Thursday , April 2 2020
Home / Tag Archives: bond yields

Tag Archives: bond yields

(Almost) Everything Sold Off Today

The eurodollar curve’s latest twist exposes what’s behind the long end. To recap: big down day in stocks which, for the first time in a while, wasn’t accompanied by massive buying in longer maturity UST’s. Instead, these were sold, too. Rumors of parity funds liquidating were all over the place, which is consistent with this curve behavior. Let’s start with eurodollar futures; the curve had absolutely collapsed up to Monday. It was remarkable even though not unexpected. We haven’t seen this...

Read More »

The Greenspan Moon Cult

Taking another look at what I wrote about repo and the latest developments yesterday, it may be worthwhile to spend some additional time on the “why” as it pertains to so much determined official blindness, an unshakeable devotion to otherwise easily explained lunar events. The short version: monetary authorities as well as the “experts” describe almost perfectly risk averse behavior among the central money dealing system in outbreaks like September’s repo – but then bend over backward...

Read More »

Zombie Insurance, Or Not

It’s another example of the difficulties in trying to evaluate and analyze non-economic factors. China’s virus outbreak is a nightmare for those unfortunately living through it, and Chinese officials aren’t doing themselves any favors. Trust is a sketchy enough concept. The WHO today says there is no pandemic, which, as Erik Townsend of MacroVoices points out, immediately puts this announcement at odds with the official WHO definition of one. Director-General Dr. Tedros Adhanom Ghebreyesus...

Read More »

Was It A Midpoint And Did We Already Pass Through It?

We certainly don’t have a crystal ball at the ready, and we can’t predict the future. The best we might hope is to entertain reasonable probabilities for it oftentimes derived from how we see the past. Which is just what statistics and econometrics attempt. Except, wherein they go wrong we don’t have to make their mistakes. For example, in the Fed’s main model ferbus there’s no way to input a global dollar shortage. Even if there was, to this statistical construction it would be erased by the...

Read More »

FX, Repo, And Another ‘Strong’ Labor Market

Between the summer of 2011 and February 2012, the unemployment rate experienced its largest half-year drop since the huge recovery that had been taking place in 1984. It was a very welcome sign that the US economy may have avoided becoming entangled in the global funding messes of 2011. Caught flat-footed, as always, Ben Bernanke’s Fed had ended QE2 at the end of June that year on what was believed to be a high note only to begin anew with Operation Twist not even three months later. Those...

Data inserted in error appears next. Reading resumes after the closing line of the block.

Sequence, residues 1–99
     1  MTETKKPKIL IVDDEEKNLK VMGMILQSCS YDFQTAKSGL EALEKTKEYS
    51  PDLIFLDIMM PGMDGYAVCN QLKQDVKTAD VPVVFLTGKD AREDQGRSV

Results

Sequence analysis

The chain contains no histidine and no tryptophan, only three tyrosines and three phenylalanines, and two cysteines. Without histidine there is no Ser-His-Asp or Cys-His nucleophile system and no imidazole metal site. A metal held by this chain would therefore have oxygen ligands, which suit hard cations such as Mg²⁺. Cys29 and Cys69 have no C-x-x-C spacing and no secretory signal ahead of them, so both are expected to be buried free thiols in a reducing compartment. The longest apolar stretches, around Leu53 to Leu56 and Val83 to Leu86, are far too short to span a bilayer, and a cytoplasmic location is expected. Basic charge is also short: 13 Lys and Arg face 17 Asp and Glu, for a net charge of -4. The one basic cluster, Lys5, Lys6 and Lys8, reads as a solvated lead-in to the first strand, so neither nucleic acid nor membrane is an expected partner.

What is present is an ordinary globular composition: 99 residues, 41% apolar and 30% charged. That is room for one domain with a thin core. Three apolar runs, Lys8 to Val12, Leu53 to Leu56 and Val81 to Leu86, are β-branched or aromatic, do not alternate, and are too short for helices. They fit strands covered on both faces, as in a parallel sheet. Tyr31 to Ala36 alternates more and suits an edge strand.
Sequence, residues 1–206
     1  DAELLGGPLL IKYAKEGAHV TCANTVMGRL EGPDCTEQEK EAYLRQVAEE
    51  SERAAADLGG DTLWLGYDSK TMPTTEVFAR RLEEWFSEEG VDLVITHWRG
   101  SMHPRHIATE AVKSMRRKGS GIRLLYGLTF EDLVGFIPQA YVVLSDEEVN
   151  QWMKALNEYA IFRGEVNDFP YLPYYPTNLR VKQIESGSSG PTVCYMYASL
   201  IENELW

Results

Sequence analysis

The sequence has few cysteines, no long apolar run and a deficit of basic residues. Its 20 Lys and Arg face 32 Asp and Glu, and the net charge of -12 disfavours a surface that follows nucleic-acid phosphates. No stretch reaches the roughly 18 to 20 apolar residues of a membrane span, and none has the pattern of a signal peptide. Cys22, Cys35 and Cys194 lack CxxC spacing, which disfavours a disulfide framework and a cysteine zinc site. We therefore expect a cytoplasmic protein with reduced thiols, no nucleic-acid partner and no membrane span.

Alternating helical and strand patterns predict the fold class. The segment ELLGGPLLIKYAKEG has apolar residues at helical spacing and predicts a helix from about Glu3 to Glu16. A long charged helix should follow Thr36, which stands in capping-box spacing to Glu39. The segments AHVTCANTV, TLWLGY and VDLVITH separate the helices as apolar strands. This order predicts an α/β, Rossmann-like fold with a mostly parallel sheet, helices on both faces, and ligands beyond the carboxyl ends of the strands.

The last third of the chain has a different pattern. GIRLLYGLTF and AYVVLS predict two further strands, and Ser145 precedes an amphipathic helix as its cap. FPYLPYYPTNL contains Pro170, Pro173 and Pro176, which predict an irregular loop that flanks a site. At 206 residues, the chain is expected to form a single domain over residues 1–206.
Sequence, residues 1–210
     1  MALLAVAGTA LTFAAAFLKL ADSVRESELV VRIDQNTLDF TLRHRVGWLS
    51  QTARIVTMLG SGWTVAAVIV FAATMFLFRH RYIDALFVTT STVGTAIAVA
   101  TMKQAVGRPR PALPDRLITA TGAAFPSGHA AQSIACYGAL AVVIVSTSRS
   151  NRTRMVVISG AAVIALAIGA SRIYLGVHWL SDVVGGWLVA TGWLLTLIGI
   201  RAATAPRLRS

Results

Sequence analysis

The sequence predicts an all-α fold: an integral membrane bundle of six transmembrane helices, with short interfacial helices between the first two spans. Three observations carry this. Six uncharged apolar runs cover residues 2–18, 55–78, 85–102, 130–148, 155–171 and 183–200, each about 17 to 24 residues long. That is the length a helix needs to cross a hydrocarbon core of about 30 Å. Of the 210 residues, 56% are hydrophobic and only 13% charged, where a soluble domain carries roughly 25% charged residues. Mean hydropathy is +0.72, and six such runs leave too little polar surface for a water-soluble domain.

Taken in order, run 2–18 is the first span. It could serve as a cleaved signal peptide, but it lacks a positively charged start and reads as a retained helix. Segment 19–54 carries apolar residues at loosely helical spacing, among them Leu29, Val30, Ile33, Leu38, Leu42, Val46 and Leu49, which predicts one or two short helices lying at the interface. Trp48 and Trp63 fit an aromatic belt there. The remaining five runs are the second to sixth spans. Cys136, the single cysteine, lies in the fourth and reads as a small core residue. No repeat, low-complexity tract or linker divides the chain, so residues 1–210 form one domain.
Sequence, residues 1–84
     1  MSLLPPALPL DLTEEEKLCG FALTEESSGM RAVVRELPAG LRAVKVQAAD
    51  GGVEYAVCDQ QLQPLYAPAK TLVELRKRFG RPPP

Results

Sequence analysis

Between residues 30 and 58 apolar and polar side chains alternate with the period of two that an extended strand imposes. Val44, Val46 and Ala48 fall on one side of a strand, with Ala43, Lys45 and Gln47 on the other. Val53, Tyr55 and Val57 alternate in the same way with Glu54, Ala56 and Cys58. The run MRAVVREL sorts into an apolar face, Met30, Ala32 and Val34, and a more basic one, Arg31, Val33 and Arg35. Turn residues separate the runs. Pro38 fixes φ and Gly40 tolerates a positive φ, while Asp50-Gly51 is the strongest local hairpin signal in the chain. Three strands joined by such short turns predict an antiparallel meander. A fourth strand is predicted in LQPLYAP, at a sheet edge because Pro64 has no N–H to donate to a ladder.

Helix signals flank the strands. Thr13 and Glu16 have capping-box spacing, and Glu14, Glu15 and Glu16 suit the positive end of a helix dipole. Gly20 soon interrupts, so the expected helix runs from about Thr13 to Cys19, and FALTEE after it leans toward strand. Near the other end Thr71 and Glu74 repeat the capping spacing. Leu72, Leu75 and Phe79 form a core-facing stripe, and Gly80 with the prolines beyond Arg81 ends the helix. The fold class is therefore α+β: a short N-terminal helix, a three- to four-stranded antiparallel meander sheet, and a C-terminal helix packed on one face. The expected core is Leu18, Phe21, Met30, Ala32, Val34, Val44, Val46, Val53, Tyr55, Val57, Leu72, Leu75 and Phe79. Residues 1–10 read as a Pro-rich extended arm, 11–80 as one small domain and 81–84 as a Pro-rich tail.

Read More »

Manufacturing Clears Up Bond Yields

Yesterday, IHS Markit reported that the manufacturing turnaround its data has been suggesting stalled. After its flash manufacturing PMI had fallen below 50 several times during last summer (only to be revised to slightly above 50 every time the complete survey results were tabulated), beginning in September 2019 the index staged a rebound jumping first to 51.1 in that month. Subsequent months of data had continued the trend. By November, the PMI registered 52.6 and solidly on the upswing....

Read More »

The 2019 Tailwinds of Housing Describe the 2020 Headwinds of Economy

It’s all somewhat confusing, once acclimated to this new paradigm. The highest in years can still be nearer the lowest in history. Given that apparent contradiction, it seems as if only one of those perspectives can apply. Which one you focus on often depends upon which way you already lean. Toward the end of last year, mortgage interest rates had climbed up near 5% (average 30-year). It was the highest since early 2011, a surefire calamity for the housing market. And that market was under...

Read More »

The Financial Midpoint Comes Into Focus

Another dovish example to be put on the growing pile of good things? The People’s Bank of China (PBOC) earlier today trimmed one of its many policy rates. The 7-day reverse repo rate will be reduced from 2.55% to 2.50%, a 5 bps cut practically pointless in functional terms widely interpreted instead for its purported “meaning.” Like the Fed, the Chinese central bank, we are being told, is finally coming around to more and more “stimulus.” Even if it is, is that really a good thing? In truth,...

Read More »

Three (Rate Cuts) And GDP, Where (How) Does It End?

The Federal Reserve has indicated that it will now pause – for a second time, supposedly. Remember the first: after raising its benchmark rates apparatus in December while still talking about an inflationary growth acceleration requiring even more hikes throughout 2019, in a matter of weeks that was transformed into a temporary suspension of them. Expecting the easy disappearance of “transitory” factors, that Fed pause was to be followed by the second half rebound and eventual if careful...

Read More »

Monthly Macro Monitor: Market Indicators Review

Is the recession scare over? Can we all come out from under our desks now? The market based economic indicators I follow have improved since my last update two months ago. The 10-year Treasury rate has moved 40 basis points off its low. Real interest rates have moved up as well but not quite as much. The difference is reflected in slightly higher inflation expectations. The yield curve has also steepened as the 10-year Treasury yield rose faster than the 2-year. This is not the type of...

Read More »